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Monday, 29 November 2010


I am a man of many faults. Please, please don't gasp in horror, it is true. I have some failings. Not many, it's true, but I am not fault-free.



I do however possess (I think) moral courage.

If I'm in a meeting and a statement is made that I don't understand, I'll ask for clarification. I'm not scared to ask. I've found over the years that there isn't really a dumb question, and not asking about an unknown abbreviation or a newly named concept makes you look even sillier later on.



If an idea is presented which is based on concepts that I find contravene my world-view, I'll challenge them.

Last year at the HOF meeting which was deciding which courses would be available to our students the following academic year, a proposal was put forward by our Maori HOF that they introduce a course called Putaio. This was a science course, but based on Maori world-view and concepts. I originally trained as a scientist, in Biochemistry and Microbiolgy and only later did I pick up my MSc in Computing, so Science, and its concomitant ideology is very dear to my heart. I made the comment that "Perhaps Science should be taught as Science not mixed in with cultural references" As far as I know, there is no such thing as American Science, or Indian Science or any "type" of Science, there is just science; an objective method, based on theorems and experiments which tries to make sense of our Universe and establish some sort of system which will allow us to predict a cause and effect

Ringo told me off "For being culturally insensitive" The course went ahead, but I still think it's wrong.

Is a Maori Oxygen molecule different from a European one?

Do Maori electrons travel at different speeds to others?

Complete bollocks.



However, yesterday evening, I displayed a moral courage equal to anything I've done before.



Last month, as I mentioned in my post, I bought my beloved (who suffers from a mild vertigo) a tricycle. Bright red, with a huge white basket over the back axle. I also bought a cheap second hand bike for myself. The idea being that we go for gentle bike rides around the area where we live. Yesterday was the day. I packed all the bikes into the back of my FWD and went down to Trentham Memorial Park.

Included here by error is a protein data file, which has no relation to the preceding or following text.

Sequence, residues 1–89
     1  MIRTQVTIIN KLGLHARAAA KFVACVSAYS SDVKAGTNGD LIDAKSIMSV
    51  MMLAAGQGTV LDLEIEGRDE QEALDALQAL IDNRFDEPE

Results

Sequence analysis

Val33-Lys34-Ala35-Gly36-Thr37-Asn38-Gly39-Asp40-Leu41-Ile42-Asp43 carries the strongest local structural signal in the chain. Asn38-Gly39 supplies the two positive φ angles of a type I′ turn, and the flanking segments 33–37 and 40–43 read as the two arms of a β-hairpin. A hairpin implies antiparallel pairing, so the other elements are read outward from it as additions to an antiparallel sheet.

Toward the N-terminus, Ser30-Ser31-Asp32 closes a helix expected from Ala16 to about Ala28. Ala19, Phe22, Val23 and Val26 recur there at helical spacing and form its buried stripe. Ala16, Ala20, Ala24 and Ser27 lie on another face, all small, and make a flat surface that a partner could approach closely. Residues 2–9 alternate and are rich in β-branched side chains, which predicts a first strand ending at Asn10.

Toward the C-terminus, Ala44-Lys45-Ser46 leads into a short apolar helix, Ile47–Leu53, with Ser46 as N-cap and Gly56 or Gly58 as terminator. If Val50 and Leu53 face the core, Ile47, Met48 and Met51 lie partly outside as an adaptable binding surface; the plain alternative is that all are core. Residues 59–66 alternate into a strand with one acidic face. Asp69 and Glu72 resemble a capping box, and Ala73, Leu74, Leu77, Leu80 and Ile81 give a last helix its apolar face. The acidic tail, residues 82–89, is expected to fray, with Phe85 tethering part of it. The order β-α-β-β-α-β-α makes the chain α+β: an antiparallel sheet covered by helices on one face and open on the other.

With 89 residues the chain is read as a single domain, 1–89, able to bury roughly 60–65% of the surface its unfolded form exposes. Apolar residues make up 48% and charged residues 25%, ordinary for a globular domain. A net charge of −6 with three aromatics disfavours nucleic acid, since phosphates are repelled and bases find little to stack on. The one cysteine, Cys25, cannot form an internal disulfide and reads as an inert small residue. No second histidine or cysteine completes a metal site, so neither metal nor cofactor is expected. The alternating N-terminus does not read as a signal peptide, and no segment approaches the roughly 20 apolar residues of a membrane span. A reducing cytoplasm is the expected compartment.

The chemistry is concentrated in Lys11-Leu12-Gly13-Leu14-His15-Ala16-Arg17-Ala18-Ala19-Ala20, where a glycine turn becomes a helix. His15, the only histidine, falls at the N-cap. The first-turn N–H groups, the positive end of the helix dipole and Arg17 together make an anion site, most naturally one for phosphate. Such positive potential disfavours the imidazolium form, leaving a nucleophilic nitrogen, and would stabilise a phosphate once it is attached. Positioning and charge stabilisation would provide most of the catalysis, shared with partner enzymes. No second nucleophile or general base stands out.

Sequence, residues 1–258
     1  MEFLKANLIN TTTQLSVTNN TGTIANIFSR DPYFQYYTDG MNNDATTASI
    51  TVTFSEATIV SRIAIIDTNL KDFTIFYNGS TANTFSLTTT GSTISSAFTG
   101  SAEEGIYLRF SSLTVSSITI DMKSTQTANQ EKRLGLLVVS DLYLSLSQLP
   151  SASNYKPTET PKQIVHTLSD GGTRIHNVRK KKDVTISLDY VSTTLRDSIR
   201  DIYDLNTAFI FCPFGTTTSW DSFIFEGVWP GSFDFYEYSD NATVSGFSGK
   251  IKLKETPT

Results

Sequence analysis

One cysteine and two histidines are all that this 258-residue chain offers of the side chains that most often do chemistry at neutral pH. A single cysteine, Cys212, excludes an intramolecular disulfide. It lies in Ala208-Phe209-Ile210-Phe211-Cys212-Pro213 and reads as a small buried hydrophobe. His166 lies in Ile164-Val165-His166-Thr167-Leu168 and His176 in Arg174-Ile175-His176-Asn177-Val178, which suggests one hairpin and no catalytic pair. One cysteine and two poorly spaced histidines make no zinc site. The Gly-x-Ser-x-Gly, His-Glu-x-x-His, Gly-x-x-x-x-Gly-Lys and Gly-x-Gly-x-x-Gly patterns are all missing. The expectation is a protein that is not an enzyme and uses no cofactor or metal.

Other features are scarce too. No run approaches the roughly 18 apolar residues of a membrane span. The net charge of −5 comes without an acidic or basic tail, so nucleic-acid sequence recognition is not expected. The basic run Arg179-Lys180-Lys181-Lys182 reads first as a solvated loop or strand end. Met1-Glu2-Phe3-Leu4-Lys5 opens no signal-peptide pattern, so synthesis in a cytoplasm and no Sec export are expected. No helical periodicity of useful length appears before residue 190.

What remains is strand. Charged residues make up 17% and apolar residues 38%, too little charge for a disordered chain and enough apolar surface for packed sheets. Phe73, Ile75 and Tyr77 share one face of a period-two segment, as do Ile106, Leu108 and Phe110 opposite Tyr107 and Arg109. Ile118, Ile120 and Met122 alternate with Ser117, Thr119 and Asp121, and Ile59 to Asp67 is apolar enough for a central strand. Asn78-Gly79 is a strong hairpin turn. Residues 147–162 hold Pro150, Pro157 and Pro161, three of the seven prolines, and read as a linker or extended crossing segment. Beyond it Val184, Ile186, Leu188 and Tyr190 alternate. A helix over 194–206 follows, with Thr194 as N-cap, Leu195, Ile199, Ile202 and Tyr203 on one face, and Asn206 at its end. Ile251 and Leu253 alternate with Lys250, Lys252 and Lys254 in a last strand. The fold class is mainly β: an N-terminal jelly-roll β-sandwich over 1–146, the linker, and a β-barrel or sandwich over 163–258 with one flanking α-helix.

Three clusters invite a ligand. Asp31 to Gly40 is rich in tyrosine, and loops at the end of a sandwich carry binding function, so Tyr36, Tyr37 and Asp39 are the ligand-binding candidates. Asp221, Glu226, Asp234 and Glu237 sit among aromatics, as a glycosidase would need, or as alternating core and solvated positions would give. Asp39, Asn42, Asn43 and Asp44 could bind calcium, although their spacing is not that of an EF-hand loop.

I re-assembled the bikes, strapped on the stupid bike helmets and off we went



Now I've been on a bike since I was about 4 or 5. Most of us in the Western (and Eastern) world know how to ride a bike. I haven't been on a bike for over 8 years, but I didn't even have to think about it, just jumped on and away I went. I went very slowly, allowing my beloved plenty of time to get used to her new conveyance.

I don't think I've ever seen a sight like it.

My beloved was in the grip of fear. She had forgotten how to steer, so I was gifted with the view of a lady of mature years, face frozen in a rictus of terror, legs extended stiffly and off the pedals veering madly (at about 2 kph) off the asphalt track onto the grass.

Over the next half-hour, I ignored the hoots of laughter from the gin-soaked members of the Trentham Cricket Club (TCC), who, sitting on their clubhouse deck, were being regaled by a continuous comedy of errors as my beloved:

  • went around in circles for 5 minutes
  • went off the path 12 times in 20 metres
  • screamed at me to stop the bloody thing as she had forgotten how to use the brakes
  • managed to strip the chain of the gears
  • tried to stop the tricycle by running it into a bush
  • smiled and waved at a passing pedestrian (he was overtaking us whilst walking his dog) and promptly steered into another bush (This one was the TCC favourite.  Two of the members fell of their chairs rolling about at this.  One actually fell off the deck, but I think he was pissed)
  • forgot how to change gear when going uphill
  • forgot (again) how to brake when going downhill



I was really proud of myself. I didn't flee. I didn't try to pretend that I didn't know her. I didn't even have a sign on my chest saying"She's not with me"

I exhibited great courage (and devotion) and stayed with my poor anxiety-ridden beloved as she struggled gamely to overcome the torture machine know as "The Red Trike"



Eventually she prevailed, and we continued on around the paths of this lovely park. We stayed on the flat, and mostly circled the cricket pitch and the reserve. I deliberately avoided the lovely path down by the Hutt river, I may be brave, but I'm not an idiot.

We're staying away from the river for the foreseeable future.
Look, I may look silly in one of these bloody bike helmets, but I'd look a complete f*cking idiot wearing a life jacket at the same time.

A complete f*cking idiot


  1. How does one even manage all of that on a tricycle? I wish I was one of the laughing bystanders, that sounds like a sight to behold.

  2. How very generous of you for putting that performance on for the TCC members. No doubt one of them filmed it and it is now on the www.

    If you really wanted to exhibit courage I think you should have purchased a second tricycle instead of a bicycle for yourself.

  3. I loved your post TSB (not the arena, the Scotsman). Ah, aren't women funny at times!
    The Putaio thing is interesting too - things do get silly sometimes. You are definitely a man of courage. I salute you.


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